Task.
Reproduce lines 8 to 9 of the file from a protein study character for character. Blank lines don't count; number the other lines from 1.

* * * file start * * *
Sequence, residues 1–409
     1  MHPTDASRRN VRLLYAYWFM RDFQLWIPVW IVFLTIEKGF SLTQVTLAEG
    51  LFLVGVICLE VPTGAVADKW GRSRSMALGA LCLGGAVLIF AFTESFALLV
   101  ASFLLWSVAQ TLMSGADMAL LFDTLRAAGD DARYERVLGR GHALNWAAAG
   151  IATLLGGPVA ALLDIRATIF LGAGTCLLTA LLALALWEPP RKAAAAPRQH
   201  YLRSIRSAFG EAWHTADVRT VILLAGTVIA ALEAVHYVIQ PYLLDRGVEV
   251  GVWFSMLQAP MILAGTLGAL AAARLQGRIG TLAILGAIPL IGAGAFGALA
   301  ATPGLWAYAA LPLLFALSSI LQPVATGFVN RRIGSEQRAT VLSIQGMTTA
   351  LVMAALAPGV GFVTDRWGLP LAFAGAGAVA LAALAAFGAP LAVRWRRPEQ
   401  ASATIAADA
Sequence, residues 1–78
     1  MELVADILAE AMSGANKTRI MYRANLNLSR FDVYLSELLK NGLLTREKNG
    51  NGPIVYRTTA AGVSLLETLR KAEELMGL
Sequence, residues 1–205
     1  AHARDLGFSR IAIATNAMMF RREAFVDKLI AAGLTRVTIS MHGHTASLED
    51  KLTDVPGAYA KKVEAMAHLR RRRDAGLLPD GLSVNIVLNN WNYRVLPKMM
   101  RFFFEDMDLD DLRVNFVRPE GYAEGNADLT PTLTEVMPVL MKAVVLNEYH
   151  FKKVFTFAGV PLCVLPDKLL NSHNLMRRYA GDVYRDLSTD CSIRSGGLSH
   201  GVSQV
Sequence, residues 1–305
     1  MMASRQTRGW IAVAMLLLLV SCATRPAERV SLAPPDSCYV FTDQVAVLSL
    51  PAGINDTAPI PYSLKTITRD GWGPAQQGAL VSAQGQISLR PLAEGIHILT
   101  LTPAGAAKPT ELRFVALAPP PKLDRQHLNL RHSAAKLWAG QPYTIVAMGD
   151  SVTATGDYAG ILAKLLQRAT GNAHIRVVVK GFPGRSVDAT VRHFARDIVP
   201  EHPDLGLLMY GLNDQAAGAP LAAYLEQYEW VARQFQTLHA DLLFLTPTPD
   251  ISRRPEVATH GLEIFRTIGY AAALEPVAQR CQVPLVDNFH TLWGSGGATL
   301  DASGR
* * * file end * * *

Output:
   301  ATPGLWAYAA LPLLFALSSI LQPVATGFVN RRIGSEQRAT VLSIQGMTTA
   351  LVMAALAPGV GFVTDRWGLP LAFAGAGAVA LAALAAFGAP LAVRWRRPEQ